Don’t you just love all of the visuals of the season. The decorated tree. Holly and mistletoe. Images of Santa and his reindeer. Bright lights. Candy cane and gingerbread houses. Gigantic blown up inflatables of the Grinch and Elf on people’s front lawns.
And then there is the nativity. A manger. A mother and father. And the baby.
There’s an almost surreal contrast between the bright and festive visuals of the season… and the solemn and understated visual of the nativity.
There are four Gospels accounts and they all approach the birth of Jesus in different ways. Luke’s account, the one you just heard, is the one we probably know best of all as it gave us the nativity visual. John talks about light coming into darkness. Mark doesn’t mention the birth of Christ at all. And Matthew provides the lineage, tracking from Abraham all the way to Jesus through fourteen generations. I’m thankful I didn’t have to read that one tonight because there are some tough names in there, like Amminidab and Rehoboam. But scholars love that Gospel because it places Jesus in a specific time and place and firmly establishes his roots.
The four Gospels arrive at the birth of Christ differently and I would like to suggest that you and I do as well.
John came to the nativity through visual poetry, as light coming into darkness is a perfect metaphor for God entering into humanity. Matthew came to the nativity with logic and reason, ticking off the generational connection between the Jewish faith he knew and the stunning turn of events resulting in the arrival of a Messiah. Luke appeals to our hearts, showing us a little baby surrounded by his loving parents. And Mark doesn’t get there at all.
How do you come to the nativity?
In my own vivid imagination, I can see the actual scene that night. My son told me recently that he was speaking with a language expert who said that the original text of Luke used phrases that are better translated to “discarded rags and a wooden trough”. The words have been softened a bit through the years to swaddling clothes and a manger. Discarded rags and wooden trough tells you what was really going on – Jesus was born into extreme poverty. Extreme poverty. God, the creator of the universe came to join his own creation in extreme poverty. What does that tell you about our God?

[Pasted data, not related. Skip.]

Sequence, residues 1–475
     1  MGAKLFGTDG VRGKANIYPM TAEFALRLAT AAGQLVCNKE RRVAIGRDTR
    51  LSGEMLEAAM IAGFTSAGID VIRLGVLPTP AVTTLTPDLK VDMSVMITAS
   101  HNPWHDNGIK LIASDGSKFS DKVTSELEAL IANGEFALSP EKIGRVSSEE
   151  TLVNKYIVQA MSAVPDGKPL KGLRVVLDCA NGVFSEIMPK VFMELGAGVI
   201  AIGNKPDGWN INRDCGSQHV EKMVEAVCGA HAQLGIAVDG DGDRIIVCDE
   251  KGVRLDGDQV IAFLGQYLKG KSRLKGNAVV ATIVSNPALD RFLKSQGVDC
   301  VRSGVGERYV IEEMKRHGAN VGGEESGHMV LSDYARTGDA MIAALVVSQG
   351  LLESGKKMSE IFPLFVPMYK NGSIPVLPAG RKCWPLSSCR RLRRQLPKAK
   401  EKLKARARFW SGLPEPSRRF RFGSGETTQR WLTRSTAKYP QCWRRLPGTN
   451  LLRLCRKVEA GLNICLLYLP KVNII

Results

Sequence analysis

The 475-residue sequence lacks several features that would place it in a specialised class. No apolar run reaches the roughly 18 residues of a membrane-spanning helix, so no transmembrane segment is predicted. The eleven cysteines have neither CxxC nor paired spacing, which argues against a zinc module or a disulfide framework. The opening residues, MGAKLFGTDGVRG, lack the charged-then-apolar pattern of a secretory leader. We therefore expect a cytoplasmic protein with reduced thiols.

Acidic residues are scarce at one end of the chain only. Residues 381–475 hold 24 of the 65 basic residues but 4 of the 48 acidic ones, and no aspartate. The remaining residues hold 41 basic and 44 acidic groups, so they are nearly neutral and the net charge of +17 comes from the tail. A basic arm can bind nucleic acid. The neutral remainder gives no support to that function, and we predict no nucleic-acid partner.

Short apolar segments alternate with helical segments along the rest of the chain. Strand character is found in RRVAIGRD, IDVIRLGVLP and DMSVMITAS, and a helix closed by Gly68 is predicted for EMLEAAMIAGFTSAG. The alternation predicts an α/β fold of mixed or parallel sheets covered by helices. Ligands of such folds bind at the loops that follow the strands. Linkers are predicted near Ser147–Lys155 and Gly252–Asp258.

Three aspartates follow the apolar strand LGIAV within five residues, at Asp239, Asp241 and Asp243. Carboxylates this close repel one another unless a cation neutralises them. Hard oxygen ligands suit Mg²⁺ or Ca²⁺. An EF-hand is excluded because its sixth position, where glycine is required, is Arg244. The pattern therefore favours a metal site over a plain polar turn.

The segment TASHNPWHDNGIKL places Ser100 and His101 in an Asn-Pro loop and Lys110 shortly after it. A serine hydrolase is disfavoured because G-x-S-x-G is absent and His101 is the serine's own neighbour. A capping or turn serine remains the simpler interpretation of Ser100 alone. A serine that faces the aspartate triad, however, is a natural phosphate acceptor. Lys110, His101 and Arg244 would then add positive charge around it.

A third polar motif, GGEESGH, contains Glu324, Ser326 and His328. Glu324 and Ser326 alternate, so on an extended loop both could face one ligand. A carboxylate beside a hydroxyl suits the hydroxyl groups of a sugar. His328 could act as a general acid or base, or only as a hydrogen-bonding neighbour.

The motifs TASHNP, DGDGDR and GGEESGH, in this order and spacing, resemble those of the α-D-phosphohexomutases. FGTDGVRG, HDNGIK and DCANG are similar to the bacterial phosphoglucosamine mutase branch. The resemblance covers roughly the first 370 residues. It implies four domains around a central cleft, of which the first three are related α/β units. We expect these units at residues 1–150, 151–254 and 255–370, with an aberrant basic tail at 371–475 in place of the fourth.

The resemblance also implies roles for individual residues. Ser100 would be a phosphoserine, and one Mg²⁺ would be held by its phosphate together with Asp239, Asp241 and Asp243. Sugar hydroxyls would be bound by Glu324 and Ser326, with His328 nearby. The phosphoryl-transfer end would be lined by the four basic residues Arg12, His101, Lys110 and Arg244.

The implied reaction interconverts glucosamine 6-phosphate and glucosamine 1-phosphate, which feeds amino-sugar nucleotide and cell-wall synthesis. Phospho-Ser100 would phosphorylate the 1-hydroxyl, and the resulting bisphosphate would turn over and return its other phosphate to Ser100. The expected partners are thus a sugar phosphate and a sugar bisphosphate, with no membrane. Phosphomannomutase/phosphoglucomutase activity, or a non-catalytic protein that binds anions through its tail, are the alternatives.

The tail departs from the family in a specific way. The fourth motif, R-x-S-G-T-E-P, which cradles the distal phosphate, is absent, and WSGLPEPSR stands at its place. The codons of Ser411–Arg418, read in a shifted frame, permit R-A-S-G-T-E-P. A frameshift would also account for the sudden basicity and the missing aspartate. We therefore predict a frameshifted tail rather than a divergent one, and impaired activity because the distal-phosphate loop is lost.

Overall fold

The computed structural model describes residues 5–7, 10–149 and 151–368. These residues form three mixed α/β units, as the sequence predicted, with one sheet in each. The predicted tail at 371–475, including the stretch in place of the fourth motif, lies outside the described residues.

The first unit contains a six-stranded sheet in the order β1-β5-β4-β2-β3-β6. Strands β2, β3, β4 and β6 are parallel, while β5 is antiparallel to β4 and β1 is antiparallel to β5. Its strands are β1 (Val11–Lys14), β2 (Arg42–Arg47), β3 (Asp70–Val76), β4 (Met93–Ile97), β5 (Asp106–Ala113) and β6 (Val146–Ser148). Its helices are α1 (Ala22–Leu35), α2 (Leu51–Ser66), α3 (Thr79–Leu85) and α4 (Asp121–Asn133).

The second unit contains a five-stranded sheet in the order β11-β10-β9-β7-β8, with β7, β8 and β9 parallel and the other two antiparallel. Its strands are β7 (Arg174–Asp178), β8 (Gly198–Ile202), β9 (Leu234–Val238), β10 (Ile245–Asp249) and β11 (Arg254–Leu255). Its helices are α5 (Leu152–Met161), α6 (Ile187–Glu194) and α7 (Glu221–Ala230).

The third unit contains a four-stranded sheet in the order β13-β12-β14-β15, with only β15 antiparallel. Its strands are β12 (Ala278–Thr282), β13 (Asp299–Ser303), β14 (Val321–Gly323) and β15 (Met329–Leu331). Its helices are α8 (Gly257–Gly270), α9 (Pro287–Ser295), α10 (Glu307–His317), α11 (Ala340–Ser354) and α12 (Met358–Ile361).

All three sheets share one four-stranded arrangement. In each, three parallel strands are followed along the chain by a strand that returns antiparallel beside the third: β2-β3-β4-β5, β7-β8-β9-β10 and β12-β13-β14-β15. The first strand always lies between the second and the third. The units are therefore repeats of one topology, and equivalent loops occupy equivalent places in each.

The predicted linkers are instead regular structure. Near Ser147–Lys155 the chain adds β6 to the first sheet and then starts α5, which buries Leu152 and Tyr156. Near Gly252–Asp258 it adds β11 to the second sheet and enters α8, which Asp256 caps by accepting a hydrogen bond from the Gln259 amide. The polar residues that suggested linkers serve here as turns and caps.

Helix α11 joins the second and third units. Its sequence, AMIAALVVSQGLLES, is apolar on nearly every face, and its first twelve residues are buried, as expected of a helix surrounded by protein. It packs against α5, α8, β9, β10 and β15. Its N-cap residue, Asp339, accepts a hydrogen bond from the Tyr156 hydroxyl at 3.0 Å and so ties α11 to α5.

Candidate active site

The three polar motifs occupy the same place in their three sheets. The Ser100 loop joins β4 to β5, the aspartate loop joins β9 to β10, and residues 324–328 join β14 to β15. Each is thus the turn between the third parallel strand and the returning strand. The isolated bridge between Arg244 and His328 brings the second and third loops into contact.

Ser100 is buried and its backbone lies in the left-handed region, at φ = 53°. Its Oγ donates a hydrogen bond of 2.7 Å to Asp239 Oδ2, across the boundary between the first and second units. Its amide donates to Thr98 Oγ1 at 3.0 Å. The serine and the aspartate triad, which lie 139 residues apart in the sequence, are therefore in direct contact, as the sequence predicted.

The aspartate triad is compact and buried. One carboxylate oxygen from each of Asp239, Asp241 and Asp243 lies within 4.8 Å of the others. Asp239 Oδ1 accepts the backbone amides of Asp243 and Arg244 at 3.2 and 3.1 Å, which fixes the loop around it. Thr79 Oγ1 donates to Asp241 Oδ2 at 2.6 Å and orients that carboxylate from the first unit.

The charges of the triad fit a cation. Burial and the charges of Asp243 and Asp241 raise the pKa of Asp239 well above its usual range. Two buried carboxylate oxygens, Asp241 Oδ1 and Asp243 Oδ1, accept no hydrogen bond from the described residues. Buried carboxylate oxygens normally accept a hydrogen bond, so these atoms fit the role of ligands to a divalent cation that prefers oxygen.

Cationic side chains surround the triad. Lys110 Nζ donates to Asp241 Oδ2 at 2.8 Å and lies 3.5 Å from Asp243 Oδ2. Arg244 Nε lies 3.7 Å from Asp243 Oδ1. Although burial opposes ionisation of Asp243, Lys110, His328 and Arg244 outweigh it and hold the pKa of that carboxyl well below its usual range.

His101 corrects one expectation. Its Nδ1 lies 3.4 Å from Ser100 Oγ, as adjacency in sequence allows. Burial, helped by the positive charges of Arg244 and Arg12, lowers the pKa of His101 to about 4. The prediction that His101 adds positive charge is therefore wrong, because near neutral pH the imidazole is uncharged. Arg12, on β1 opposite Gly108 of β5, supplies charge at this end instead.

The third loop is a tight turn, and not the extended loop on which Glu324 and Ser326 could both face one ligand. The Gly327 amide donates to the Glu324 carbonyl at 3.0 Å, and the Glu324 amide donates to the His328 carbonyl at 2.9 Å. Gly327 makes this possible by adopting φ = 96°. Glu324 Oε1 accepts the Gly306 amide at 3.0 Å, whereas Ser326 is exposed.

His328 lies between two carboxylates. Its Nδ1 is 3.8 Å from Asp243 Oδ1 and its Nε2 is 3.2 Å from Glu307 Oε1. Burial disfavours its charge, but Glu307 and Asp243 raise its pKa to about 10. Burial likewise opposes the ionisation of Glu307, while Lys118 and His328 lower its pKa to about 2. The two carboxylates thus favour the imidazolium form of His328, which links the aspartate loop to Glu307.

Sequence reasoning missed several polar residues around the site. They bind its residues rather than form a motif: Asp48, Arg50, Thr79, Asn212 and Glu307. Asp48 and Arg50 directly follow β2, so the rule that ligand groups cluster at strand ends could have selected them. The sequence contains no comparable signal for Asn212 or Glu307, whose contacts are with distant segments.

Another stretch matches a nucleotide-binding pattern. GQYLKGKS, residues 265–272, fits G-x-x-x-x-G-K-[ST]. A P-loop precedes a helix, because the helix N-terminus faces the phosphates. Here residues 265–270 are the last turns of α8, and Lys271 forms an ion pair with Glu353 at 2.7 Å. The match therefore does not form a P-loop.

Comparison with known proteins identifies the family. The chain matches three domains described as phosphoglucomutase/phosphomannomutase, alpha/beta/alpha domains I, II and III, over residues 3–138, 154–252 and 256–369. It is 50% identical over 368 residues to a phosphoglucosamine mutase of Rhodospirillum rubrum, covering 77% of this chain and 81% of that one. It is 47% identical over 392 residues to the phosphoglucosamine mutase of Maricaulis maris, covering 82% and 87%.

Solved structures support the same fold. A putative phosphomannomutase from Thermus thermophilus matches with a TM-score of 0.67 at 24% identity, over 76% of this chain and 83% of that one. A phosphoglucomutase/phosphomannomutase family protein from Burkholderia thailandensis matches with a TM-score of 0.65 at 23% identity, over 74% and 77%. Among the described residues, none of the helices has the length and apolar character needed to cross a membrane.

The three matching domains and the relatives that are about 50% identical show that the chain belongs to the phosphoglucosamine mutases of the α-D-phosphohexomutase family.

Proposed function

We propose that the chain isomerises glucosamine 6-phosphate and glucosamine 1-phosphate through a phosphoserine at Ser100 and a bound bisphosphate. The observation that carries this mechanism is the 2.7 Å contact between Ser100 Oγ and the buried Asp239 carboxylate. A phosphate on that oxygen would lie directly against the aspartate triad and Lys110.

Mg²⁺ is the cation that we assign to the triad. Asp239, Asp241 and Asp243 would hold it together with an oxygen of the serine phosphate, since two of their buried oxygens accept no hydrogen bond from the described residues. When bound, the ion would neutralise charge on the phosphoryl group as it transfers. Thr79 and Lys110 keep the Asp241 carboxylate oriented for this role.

The people there, on the scene that night, all encountered something different when they arrived. Some, like the innkeeper, had no idea what was going in right in front of his eyes. If he had, I assume he would have invited them inside.
The shepherds were drawn in by angels and a brightly shining star. Like the colorful and festive visuals, like the huge inflatable Grinches and Elfs on our front lawns, they may have been taken in by the awe and splendor.
The magi plotted their way to the nativity, using maps, charts, prophecies, and their own intellect.
But Mary and Joseph were there because their lives were touched profoundly; they were vested, fully committed. Mary and Joseph experienced the baby in a uniquely personal way. It changed them forever. Theirs was a true encounter with the Savior.
What do you find when you get to the nativity? What happens when you approach Jesus… which we symbolically and actually do at every single Mass.
Are you here, but like the innkeeper maybe don’t fully grasp, or care, what is unfolding before your eyes? Like the shepherd, are you here for wonder and awe? Like the magi, are you hoping to feed your intellect? Or, like Mary and Joseph, are are you here for an actual encounter? We come here for different reasons.
This is the question of faith. If our faith is about a personal encounter, then it will endure, stand the test of time, and lift us up. That’s because it’s personal, it changes us, and it calls us to commit.
The nativity. Who are you in the visual?